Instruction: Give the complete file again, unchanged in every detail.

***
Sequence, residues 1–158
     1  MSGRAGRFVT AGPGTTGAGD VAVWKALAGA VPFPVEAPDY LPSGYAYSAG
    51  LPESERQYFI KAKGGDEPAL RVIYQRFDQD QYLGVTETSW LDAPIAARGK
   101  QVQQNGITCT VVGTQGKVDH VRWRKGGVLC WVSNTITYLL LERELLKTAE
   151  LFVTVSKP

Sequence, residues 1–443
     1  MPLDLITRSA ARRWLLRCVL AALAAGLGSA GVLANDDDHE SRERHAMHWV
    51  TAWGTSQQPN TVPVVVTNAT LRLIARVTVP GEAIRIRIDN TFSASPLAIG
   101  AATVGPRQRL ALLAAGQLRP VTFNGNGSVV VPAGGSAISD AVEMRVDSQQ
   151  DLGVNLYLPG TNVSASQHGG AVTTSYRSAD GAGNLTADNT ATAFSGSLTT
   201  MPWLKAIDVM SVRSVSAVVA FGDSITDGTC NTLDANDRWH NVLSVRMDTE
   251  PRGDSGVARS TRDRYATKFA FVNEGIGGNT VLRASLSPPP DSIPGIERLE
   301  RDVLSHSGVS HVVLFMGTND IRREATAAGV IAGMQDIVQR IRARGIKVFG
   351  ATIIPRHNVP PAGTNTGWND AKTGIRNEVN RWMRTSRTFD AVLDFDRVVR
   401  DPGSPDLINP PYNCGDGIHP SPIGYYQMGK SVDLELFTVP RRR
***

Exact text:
Sequence, residues 1–158
     1  MSGRAGRFVT AGPGTTGAGD VAVWKALAGA VPFPVEAPDY LPSGYAYSAG
    51  LPESERQYFI KAKGGDEPAL RVIYQRFDQD QYLGVTETSW LDAPIAARGK
   101  QVQQNGITCT VVGTQGKVDH VRWRKGGVLC WVSNTITYLL LERELLKTAE
   151  LFVTVSKP

Sequence, residues 1–443
     1  MPLDLITRSA ARRWLLRCVL AALAAGLGSA GVLANDDDHE SRERHAMHWV
    51  TAWGTSQQPN TVPVVVTNAT LRLIARVTVP GEAIRIRIDN TFSASPLAIG
   101  AATVGPRQRL ALLAAGQLRP VTFNGNGSVV VPAGGSAISD AVEMRVDSQQ
   151  DLGVNLYLPG TNVSASQHGG AVTTSYRSAD GAGNLTADNT ATAFSGSLTT
   201  MPWLKAIDVM SVRSVSAVVA FGDSITDGTC NTLDANDRWH NVLSVRMDTE
   251  PRGDSGVARS TRDRYATKFA FVNEGIGGNT VLRASLSPPP DSIPGIERLE
   301  RDVLSHSGVS HVVLFMGTND IRREATAAGV IAGMQDIVQR IRARGIKVFG
   351  ATIIPRHNVP PAGTNTGWND AKTGIRNEVN RWMRTSRTFD AVLDFDRVVR
   401  DPGSPDLINP PYNCGDGIHP SPIGYYQMGK SVDLELFTVP RRR